The GOP-controlled Salt Lake County Council is not expected to overturn the mask mandate, even though it has that power under SB195.

Sunday evening, Salt Lake County Council Chairwoman Laurie Stringham, a Republican, issued a news release announcing she “will not be calling for a special session on the temporary health mandate at this time.” Stringham said the county “realizes the need to step up and offer to the public a better solution for protection.”

Councilman Dave Alvord, also a Republican, expressed his disappointment in a Sunday evening Facebook post that Stringham was “not ready to overturn the mask mandate,” but urged those who didn’t support it to push back by “contacting your legislators and asking them to intervene.”

The Utah Legislature has the power under SB195 to overturn local health orders. On Friday, Utah House Speaker Brad Wilson, R-Kaysville, and Utah Senate President Stuart Adams, R-Layton, stopped short of saying the new mask mandates would stand. They promised a “review” of the Salt Lake County order.

“The Legislature has outlined a process in SB195 with multiple checks and balances. While we believe government mandates should be a last resort, we will review the recently issued orders,” Adams and Wilson said in a joint statement.

On Monday, House Majority Leader Mike Schultz, R-Hooper, called on Salt Lake County leaders to “reconsider their actions.”

“Instead, they should be focused on providing the best information possible to their residents regarding masks, vaccinations, and other prevention measures as well as early treatment information to prevent hospitalizations,” he said. “While they may be well-intended, government mandates are not the answer. They have resulted in unnecessary divisiveness that is tearing our communities and our state apart.”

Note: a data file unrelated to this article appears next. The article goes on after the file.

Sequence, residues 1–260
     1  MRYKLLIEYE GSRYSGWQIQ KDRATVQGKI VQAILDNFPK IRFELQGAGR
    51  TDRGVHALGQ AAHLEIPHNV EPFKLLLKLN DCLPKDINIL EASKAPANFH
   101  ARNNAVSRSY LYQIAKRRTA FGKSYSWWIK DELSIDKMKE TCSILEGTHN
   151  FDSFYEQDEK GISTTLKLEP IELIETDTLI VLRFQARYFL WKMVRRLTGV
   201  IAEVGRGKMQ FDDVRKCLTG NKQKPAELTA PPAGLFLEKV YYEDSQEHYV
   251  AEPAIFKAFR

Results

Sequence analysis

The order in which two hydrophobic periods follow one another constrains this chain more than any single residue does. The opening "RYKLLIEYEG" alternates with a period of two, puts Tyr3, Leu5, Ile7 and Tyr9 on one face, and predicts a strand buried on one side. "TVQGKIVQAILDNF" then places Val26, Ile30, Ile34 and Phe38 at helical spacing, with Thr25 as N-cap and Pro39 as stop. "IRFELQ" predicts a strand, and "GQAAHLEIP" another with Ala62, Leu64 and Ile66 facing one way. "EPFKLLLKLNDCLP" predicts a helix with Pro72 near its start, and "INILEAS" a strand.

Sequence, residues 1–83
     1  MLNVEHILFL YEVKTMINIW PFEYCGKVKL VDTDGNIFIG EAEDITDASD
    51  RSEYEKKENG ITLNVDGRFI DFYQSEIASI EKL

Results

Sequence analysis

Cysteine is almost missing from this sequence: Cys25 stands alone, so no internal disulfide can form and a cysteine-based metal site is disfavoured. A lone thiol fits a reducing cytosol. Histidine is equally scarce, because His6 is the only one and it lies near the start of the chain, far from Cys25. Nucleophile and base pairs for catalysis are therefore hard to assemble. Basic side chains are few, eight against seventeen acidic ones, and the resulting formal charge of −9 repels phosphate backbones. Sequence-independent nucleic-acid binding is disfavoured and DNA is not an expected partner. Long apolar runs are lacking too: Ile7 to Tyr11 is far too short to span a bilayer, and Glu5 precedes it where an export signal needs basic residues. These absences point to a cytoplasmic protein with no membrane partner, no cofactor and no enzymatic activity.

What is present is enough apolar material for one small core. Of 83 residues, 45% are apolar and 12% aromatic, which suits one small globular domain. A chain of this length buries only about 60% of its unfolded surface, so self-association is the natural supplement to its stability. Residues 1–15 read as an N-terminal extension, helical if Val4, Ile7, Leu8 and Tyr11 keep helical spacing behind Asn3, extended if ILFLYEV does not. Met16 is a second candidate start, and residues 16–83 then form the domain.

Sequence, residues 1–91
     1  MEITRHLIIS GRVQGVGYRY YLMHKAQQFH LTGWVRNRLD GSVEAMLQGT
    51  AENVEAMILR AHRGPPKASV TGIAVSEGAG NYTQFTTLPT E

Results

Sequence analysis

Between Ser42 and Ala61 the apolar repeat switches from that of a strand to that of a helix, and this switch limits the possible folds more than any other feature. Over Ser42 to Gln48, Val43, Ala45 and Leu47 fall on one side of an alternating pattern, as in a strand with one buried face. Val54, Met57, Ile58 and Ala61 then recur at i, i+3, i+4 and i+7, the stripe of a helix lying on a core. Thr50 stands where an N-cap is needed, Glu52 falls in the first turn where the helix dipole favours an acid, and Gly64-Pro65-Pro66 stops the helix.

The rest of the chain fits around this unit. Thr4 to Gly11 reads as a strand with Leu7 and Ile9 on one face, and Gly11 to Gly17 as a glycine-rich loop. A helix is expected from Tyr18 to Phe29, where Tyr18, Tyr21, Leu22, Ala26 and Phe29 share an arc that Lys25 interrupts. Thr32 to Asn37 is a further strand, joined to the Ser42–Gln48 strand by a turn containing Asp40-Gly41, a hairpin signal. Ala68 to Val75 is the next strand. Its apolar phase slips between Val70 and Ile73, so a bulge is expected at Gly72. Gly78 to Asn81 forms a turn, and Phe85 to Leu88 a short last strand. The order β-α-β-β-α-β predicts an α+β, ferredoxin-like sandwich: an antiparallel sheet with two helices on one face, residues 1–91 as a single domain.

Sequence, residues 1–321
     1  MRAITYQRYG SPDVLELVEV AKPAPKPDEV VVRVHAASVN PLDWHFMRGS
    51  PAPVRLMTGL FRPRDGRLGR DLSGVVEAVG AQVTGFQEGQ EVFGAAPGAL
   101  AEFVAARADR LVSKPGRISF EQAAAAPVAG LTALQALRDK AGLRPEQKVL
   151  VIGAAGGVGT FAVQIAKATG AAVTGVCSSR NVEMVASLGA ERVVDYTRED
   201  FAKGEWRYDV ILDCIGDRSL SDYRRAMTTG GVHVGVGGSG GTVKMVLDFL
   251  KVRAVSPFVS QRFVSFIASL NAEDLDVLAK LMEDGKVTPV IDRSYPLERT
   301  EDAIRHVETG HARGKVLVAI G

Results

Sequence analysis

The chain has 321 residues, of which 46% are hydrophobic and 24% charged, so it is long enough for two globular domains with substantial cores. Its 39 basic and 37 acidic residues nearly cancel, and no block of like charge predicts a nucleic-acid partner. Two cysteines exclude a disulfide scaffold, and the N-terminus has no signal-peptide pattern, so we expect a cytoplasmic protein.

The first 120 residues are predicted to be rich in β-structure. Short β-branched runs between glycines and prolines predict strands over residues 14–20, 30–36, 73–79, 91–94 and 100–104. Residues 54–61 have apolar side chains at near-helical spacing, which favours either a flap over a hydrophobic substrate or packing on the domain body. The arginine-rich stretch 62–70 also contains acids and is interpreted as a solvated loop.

Schultz said he stands “adamantly against government mandates,” while adding “it’s imperative for all of us to take personal responsibility to decrease our risk of infection, reduce the burden on our health care workers, and protect those around us.” He urged Utahns to stay home when sick, telework when possible, practice good personal hygiene and live a healthy lifestyle.

“Additionally, Utahns should work with their healthcare provider to discuss whether to be vaccinated and what treatment options are available should they get sick,” Schultz said.

“We must come together, take responsibility for our own actions, and look to the future with optimism, and we can do all of that without the heavy hand of the government.”

The Senate president said he supports letting Utahns decide for themselves on whether to wear a mask.

“I support individuals’ right to wear or not wear a mask. However, we need to deal with COVID calmly, rationally and review and apply what we have learned over the past 22 months,” Adams said in a prepared statement.

“We should take a balanced approach of saving lives, livelihoods and kids’ education while preserving personal liberties. We need to continue informing and providing Utahns with as many resources as possible, including making testing, vaccines/boosters and therapeutics readily available. After almost two years into the pandemic, I have full confidence in Utahns’ ability to use good judgment to make personal choices without interference from the government,” Adams said.

House leaders did not immediately respond to a request for comment on Monday regarding mask requirements in state buildings and Mayor Wilson’s comments.

At the Utah Capitol — where staff were busy preparing for the 2022 general session slated to begin on Jan. 18 — mask wearing was inconsistent among staff and visitors on Monday.

At the beginning of 2021, the Utah Capitol opened to the public for that general session with mask and social distancing requirements, as well as encouragement that Utahns participate virtually.

Now about a week away from the beginning of the 2022 general session, the Utah Capitol in Salt Lake City did not have mask requirements despite the Salt Lake County order — and despite Utah’s surge in COVID-19 cases as the highly contagious omicron variant rapidly spreads throughout the state.

Utah saw an increase of 24,147 COVID-19 cases since Friday, the Utah Department of Health reported Monday.